Since 1995, there has been a tremendous decrease in HIV – and AIDS-related deaths, primarily because of the development of highly active antiretroviral therapy (HAART; Katz et al., 2002). HAART is the combination of three or more HIV drugs, often referred to as “drug cocktails.” This development, in conjunction with the development of
ELISA (enzyme-linked immunoabsorbent assay)
The screening test used to detect HIV antibodies in blood samples.
A test used to confirm a positive ELISA test; more accurate than the ELISA test, but too expensive to be used as the primary screening device for infection.
A negative test result that occurs in a person who is positive for the virus.
A positive test result that occurs in a person who is negative for the virus.
Explain how a person is diagnosed with HIV infection.
highly active antiretroviral therapy (HAART)
The combination of three or more HIV drugs.
HIV RNA testing (which allows healthcare providers to monitor the amount of virus in the bloodstream), has allowed for better control of HIV and has slowed the disease progression. However, HAART therapy is the standard of care only in North America and Europe, where approximately 1.6 million of the 38 million HIV-positive people live (D. Brown, 2002b). Fewer than 1% of HIV-positive men and women in sub-Saharan Africa are on HAART therapy. We will talk more about cross-cultural differences in treatment shortly.
The life expectancy of children infected with HIV at birth has increased substantially since the introduction of highly active antiretroviral therapy (“Trends in HIV/AIDS Diagnoses,” 2005). Whereas in the past the infection progressed rapidly until death, today children are surviving with HIV longer than earlier in the epidemic (Abrams et al., 2001).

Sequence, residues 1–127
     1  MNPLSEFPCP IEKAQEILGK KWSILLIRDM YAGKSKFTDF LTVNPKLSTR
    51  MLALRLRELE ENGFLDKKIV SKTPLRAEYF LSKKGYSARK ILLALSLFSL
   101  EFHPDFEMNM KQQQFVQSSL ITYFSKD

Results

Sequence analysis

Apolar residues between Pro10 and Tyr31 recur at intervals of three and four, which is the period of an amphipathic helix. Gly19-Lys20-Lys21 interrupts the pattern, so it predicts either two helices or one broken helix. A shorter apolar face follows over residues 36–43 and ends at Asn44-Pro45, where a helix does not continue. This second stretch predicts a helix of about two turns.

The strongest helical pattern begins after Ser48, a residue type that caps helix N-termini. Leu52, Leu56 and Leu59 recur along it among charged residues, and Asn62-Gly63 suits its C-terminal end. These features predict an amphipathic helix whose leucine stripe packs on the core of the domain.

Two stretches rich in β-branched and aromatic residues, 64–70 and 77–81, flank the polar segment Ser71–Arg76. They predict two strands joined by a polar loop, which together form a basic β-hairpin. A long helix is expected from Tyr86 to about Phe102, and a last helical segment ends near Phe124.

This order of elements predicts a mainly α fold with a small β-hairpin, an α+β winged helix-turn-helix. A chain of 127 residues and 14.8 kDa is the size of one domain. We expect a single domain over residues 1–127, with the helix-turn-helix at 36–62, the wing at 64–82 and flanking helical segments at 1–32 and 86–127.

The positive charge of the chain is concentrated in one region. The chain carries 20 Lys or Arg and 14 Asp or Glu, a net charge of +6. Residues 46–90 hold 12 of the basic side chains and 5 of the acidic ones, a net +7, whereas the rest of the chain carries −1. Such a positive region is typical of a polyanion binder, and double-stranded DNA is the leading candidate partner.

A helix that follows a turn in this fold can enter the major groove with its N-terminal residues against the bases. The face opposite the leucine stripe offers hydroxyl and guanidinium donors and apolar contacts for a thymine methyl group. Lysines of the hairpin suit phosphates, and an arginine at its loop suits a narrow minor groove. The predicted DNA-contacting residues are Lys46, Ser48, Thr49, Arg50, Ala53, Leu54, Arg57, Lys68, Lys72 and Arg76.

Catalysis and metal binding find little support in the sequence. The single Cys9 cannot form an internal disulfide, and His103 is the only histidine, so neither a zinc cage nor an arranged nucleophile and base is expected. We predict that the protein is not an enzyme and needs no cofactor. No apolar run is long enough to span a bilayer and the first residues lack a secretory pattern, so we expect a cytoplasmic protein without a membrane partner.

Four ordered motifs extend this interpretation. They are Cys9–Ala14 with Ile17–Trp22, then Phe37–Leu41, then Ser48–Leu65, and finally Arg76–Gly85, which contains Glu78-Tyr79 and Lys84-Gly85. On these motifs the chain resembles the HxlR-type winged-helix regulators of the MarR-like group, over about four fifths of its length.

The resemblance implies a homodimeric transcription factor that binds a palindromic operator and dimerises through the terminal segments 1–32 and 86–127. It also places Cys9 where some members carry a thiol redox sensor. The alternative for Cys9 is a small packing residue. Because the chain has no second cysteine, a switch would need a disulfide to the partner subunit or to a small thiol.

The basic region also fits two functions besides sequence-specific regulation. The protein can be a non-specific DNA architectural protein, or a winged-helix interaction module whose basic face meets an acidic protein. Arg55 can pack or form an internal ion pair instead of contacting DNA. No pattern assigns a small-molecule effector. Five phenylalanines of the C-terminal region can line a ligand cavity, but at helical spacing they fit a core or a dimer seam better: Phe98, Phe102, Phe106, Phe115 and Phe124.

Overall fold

Before starting treatment for HIV infection, a person should be given both a viral load test and CD4+ T cell count. These tests can determine how much HIV is in a person’s system and also estimate the T-helper white blood cell count (which can show how well a person’s immune system is controlling the virus). A baseline CD4+ cell count will also give a healthcare provider a starting measure to compare to later viral load estimates after a person has started drug therapy. This will enable the healthcare provider to see whether the drug combinations are effective.
HAART therapy for HIV is complicated and can involve taking 25 or more pills a day at various times during the day. Some drugs must be taken on an empty stomach, while others must be taken just after eating. Some people on HAART therapy miss pills due to oversleeping, traveling, feeling too sick, or simple forgetting (Chesney, 2000). Once a person starts this type of drug therapy, it is very important that the dosages are taken every day at the same time (unlike other medications that require an 80% adherence, HIV drugs require a near-perfect adherence to dosing schedules; Mannheimer et al., 2002). Missed dosages can cause a drug resistance, which will destroy the drug’s effectiveness. A missed dose could also cause the virus to survive and mutate into a resistant strain that will not respond to drug therapy. Some people on HAART therapy set timers to remember to take their pills at the right time. HAART therapy is also expensive, usually ranging from $10,000 to $15,000 a year (Cox, 2000). A person who begins drug therapy will most probably continue it for his or her entire life.